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Posted

I never liked them but back in 1998-2000 when I worked as a specialist at the Giessen Germany PX for our veterans(which is long gone by now) we sold systems by Intel, AMD and Cyrix.

 

Intel.. I liked alot

 

AMD.. I liked alot ( i enjoy the proverbial underdog)

 

Cyrix.. Yawn....

 

But just out of curiosity, whatever happened to them? Did they die a horrible death? I really don't know... because for a long time I got away from the tech savvy world for about 4-5 years afterward

 

Why do I say Nostalgia? I didn't like them and I always steered people away from Cyrix processors because they seemed so inferior, slower and everyone whoever purchased one of those systems had nothing but issues and always returned them for their money back. Talk about a company being a waste of time.

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Posted

They ended up being bought by VIA I believe, making low power low performance processors. I think VIA killed them off when the Atoms and C2D's arrived and the Cyrix' had the performance of a calculator and didn't even compete on power usage. 

 

their performance was always pretty horrible though.

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Posted

I remember cyrix, cheap and fun.

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Posted

http://www.youtube.com/watch?v=M7SmeNQjHOw

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Posted

I remember cyrix, cheap and fun.

 

Did you ever come across issues trying to get systems to work with Windows 98SE and dare I mention WinME?tomato.gif

 

@ Warwagon, you could've gone out for a burger and some fries and come back with time to spare (was that you in the video?)

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Posted

I have a buddy that works on the VIA x86 cpus, they're still alive and well making chips with x86 instructions for specific markets. It's done by CenTaur technology here in Austin and its a great bunch of guys.

 

Even with all the quirks of the Cyrix/Via CPU's, they did achieve their goal of helping break the price barrier of PC's and showed what smaller 3rd party companies could achieve by licensing IP

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Posted

then the configurations we got at the PX were terribly substandard. They seemed to have alot of compatability issues.

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Posted

then the configurations we got at the PX were terribly substandard. They seemed to have alot of compatability issues.

 

Nah, Cyrix where cheap and that's what they where sold as, but they where slow as hell. it didn't help that the only ones that bothered making chipsets for them was the crappiest chiopset makes, like VIA. and back then chipsets varied a lot more in quality, from rock solid intel, to workably stable other brand, to ... well Via... AMD suffered under the same problem, while their CPU's often outperformed intel, there was no rock solid intel chipsets for them :)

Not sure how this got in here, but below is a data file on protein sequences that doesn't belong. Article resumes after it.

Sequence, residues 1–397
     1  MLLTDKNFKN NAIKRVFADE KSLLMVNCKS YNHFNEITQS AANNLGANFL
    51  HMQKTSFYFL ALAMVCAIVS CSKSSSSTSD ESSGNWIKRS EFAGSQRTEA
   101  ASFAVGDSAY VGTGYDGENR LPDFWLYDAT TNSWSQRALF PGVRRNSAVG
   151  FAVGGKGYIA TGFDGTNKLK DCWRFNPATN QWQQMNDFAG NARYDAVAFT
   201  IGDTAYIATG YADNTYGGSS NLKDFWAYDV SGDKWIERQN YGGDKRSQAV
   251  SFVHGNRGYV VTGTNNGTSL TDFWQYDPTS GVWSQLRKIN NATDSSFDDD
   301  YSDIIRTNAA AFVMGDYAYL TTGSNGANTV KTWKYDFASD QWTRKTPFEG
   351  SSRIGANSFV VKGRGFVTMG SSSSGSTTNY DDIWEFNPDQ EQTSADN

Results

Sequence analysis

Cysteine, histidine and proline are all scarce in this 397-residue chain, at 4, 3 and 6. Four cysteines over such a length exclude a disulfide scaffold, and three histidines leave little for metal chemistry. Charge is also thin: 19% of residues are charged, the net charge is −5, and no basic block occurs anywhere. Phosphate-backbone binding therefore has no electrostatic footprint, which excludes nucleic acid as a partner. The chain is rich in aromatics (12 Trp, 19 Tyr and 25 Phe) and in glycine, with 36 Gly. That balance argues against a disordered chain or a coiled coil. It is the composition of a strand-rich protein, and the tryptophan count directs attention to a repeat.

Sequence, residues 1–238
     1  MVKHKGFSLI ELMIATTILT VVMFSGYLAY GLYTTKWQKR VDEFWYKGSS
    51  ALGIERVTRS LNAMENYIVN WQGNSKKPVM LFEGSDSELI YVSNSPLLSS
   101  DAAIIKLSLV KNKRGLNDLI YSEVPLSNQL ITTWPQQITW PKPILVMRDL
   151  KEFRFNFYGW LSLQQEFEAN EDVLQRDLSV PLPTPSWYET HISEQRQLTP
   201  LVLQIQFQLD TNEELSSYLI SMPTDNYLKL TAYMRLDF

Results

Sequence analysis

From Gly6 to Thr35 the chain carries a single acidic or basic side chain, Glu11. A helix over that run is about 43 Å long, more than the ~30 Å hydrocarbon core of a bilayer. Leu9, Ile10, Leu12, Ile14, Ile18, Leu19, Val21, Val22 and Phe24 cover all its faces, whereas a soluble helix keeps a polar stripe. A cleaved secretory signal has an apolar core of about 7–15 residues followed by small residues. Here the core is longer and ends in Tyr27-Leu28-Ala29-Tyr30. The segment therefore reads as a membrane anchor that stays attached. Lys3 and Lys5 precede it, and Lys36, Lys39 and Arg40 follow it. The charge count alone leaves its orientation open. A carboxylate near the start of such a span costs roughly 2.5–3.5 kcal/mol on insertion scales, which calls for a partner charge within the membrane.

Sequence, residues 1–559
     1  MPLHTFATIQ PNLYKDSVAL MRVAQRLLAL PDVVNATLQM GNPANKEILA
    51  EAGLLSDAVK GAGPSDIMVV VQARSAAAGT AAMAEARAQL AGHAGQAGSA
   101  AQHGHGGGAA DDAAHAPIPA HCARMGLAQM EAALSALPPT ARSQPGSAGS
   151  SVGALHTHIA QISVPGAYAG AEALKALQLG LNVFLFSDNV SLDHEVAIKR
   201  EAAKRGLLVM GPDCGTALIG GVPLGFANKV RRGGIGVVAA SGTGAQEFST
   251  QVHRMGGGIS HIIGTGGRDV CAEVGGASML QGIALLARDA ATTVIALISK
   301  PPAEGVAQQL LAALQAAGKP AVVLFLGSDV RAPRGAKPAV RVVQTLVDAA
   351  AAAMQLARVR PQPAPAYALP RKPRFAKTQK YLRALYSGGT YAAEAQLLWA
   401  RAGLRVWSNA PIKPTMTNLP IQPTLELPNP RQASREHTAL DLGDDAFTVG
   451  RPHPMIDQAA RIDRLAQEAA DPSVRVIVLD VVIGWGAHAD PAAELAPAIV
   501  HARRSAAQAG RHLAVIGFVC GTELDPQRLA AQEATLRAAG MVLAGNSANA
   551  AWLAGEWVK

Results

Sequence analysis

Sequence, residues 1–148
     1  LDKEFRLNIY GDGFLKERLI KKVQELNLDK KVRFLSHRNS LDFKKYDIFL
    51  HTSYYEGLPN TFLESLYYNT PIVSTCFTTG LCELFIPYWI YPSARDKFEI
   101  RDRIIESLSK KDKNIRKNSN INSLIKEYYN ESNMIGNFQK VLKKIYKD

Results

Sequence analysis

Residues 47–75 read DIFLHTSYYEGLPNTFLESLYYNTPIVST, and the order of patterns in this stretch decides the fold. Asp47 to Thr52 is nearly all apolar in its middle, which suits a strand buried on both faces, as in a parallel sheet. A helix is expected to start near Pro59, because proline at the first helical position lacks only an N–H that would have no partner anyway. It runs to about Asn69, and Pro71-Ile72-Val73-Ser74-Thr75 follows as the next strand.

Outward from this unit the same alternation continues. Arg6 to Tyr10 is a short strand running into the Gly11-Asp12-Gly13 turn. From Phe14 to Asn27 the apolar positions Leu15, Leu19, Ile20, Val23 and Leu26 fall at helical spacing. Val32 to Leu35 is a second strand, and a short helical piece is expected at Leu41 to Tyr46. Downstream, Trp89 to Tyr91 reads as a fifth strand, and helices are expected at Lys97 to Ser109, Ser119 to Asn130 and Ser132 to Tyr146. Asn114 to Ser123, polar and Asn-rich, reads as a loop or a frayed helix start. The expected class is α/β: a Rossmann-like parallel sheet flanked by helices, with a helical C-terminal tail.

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Posted

Nah, Cyrix where cheap and that's what they where sold as, but they where slow as hell. it didn't help that the only ones that bothered making chipsets for them was the crappiest chiopset makes, like VIA. and back then chipsets varied a lot more in quality, from rock solid intel, to workably stable other brand, to ... well Via... AMD suffered under the same problem, while their CPU's often outperformed intel, there was no rock solid intel chipsets for them :)

 

I think back in the late 90's AMD used VIa chipsets. I did catch hell at times because of this.

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Posted

I still have a Cyrx-233 that I use for my DOS/Windows 95 games that don't play nice in current versions of Windows, VM's, etc..

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Posted

Nah, Cyrix where cheap and that's what they where sold as, but they where slow as hell. it didn't help that the only ones that bothered making chipsets for them was the crappiest chiopset makes, like VIA. and back then chipsets varied a lot more in quality, from rock solid intel, to workably stable other brand, to ... well Via... AMD suffered under the same problem, while their CPU's often outperformed intel, there was no rock solid intel chipsets for them :)

As I recall VIA wasn't all crappy chipsets. I seem to remember them having some pretty decent boards back in the early Pentium... maybe up to P3 days. I believe my dual P3 board was a pretty nice VIA board. I do recall them having issues with compatibility with their chipsets though. Talk of VIA and Cyrix does bring back memories though, haha. This was when I was first getting into computer hardware, personally.